In Russia, a network of non-governmental organizations and associations is beginning to provide aid locally to fill in gaps in the national social safety net. This expression of civil society is so far quite small. But RFE/RL's Moscow correspondent Sophie Lambroschini spoke with a number of informed Russians who say it is growing.
Moscow, 30 November 1999 (RFE/RL) -- There is a widely accepted idea in Russia that the rigors of post-communist life -- including the non-payment of salaries and pensions, inadequate social care, sluggish courts and corrupt police -- have taught the already collectivist-shy Russians to rely only on themselves. But some Russians say the idea that Russians reject all community action is no longer true.
Ella Pamfilova is a former Russian minister of health and social affairs. She acknowledges that after communism collapsed in 1991, most Russians felt themselves to be on their own. But she tells RFE/RL that the rejection of collective action is fading.
"I think that period is coming to an end. There always was our tradition, our mentality, pulling us towards compassion and sympathy. [We Russians] remain drawn to the idea of overcoming a difficult situation together. And this mentality is now breaking through."
Many analysts believe that, traditionally, a Russian will rely first on pulling strings or giving bribes to overcome a bureaucratic hurdle. They say Russians will turn to public initiatives -- through courts or an association -- only as a last resort. But for Pamfilova, the key question is understanding that, in the long run, collective action can be more effective than individual solutions.
Pamfilova thinks that positive models for action such as the success of the Soldiers' Mothers Committee have encouraged Russians to turn to collective solutions. That group first successfully lobbied then-Soviet president Mikhail Gorbachev to exempt students from the obligatory two years of military service. Then, under Russian President Boris Yeltsin, the committee campaigned against the first war in Chechnya (1994 to 1996), and acted as a mediator for the exchange of Russian and Chechen prisoners of war. It also denounced Russia's drug- and violence-ridden armed forces, counseling 18-year-olds on how to dodge the draft.
Valentina Melnikova, one of the committee's leaders, says that over the years "the Mothers" -- as the group is often called in Russia -- even won support inside the army. She says that some officers came to understand that the committee was not set on working against the military, but rather pursued a cooperative effort to turn the Russian army into a "real army that does not murder its own soldiers." Pamfilova points out, however, that -- unlike the Mothers -- most of Russian collective initiatives today play a local or regional role, not a national one.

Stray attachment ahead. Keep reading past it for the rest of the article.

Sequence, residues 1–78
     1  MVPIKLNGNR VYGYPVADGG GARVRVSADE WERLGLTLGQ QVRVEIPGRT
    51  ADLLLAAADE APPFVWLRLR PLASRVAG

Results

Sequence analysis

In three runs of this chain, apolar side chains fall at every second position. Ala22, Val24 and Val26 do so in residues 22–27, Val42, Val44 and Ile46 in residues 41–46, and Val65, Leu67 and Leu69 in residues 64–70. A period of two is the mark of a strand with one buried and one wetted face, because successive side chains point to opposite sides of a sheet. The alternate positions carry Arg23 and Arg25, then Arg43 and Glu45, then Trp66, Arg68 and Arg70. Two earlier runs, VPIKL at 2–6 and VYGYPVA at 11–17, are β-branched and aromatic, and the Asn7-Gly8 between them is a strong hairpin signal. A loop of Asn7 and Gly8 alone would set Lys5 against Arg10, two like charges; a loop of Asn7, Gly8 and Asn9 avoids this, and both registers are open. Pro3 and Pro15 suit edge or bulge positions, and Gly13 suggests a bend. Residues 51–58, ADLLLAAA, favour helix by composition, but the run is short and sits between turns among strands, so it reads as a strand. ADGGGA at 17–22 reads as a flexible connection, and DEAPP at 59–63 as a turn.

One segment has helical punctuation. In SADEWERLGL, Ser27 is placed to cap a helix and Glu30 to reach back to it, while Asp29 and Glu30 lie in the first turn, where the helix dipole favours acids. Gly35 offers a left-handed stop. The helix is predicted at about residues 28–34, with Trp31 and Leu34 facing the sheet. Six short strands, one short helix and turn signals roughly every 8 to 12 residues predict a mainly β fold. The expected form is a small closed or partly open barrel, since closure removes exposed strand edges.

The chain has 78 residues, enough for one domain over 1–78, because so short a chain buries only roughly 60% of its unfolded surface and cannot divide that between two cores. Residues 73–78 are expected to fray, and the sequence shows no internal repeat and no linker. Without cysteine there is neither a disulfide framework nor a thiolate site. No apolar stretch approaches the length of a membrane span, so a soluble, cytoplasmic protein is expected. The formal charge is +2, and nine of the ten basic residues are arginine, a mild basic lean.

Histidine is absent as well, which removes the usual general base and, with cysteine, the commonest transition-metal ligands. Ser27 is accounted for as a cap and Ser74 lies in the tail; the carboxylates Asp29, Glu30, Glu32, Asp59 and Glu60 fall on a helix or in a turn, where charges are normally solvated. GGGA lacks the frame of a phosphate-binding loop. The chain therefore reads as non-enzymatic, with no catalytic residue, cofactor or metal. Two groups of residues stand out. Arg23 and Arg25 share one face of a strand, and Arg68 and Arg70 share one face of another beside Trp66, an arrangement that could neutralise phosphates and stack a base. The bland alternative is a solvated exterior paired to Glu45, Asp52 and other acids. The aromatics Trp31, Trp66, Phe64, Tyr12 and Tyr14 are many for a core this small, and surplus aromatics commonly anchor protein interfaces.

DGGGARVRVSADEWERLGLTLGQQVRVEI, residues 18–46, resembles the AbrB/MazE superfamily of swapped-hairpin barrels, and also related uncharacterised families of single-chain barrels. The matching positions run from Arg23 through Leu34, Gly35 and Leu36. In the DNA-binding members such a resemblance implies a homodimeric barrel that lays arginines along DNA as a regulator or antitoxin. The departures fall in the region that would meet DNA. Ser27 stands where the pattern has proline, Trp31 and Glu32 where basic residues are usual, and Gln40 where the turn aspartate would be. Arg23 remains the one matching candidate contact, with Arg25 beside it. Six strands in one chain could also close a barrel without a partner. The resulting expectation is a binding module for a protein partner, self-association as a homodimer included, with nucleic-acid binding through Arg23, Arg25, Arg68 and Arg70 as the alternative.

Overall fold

"I know of a lot of examples of [collective] influence on local authorities in sectors like [social] rehabilitation or the environment. So there is some effect on a local level. But nationwide, [collective initiatives are] not significant. For the moment, our authorities, our elite neglect public opinion."
In Moscow, non-governmental organizations greatly contributed to breaking the Soviet mind-set on ostracizing mentally and physically disabled youngsters. The communist system rejected such children, who were often locked away at home or in far-away institutions.
One parent, Galina Khokhlova, has a 21-year-old daughter, Sveta, who has severe motor deficiencies. Before perestroika, Khokhlova told our correspondent, many parents did not know what to do with their disabled children and simply kept them locked up at home. She says it is thanks to non-governmental organizations that many parents have learned that their disabled children could still learn, develop, and enjoy life.
In Moscow, one of the first such organizations for disabled children was The Circle, which is run by Natalia Popova. Ten years ago, dissatisfied with the rehabilitation and education that state institutions offered such children, Popova began her own classes. Today, she teaches music, dance, and theater to some 110 disabled children. She says there are more than 30 organizations doing the same sort of work in the Russian capital.
Popova is convinced that non-governmental organizations (NGOs) have a real impact on Russian society. In her words: "NGOs have the advantage of being more flexible, more adaptable and more sensitive to people's needs than the state. They manage to slip by bureaucratic hurdles and can establish contact more easily with the West." She also believes that some official Russian bodies have ceased to regard NGOs as an enemy that exists to expose the state's failings. "The authorities take us into account," Popova says. "They even send us specialists for training."
Former Health Minister Pamfilova feels that achieving such cooperation between individuals and government is the most difficult hurdle to overcome. That's because, she says, of Russia's long history as a state conceived to use, but not to serve, its citizens:
"From a state which is an enemy, we have to make a state which is a friend. It's not so easy, you have to understand that -- getting rid of the fear inside us. Because for many years, the state nourished this fear by its harshness. It wasn't only in Soviet times. Things were the same before the (1917) revolution, and probably go back to the time of serfdom."
Pamfilova keeps coming back to "that fear, the fear of anyone who is stronger than you, which can last for years." That's why, she says, her organization's objective is to revive a desire for civic dignity. She concludes -- in Russia's new collectivist mode -- that "one person's efforts are fine, but they're not enough."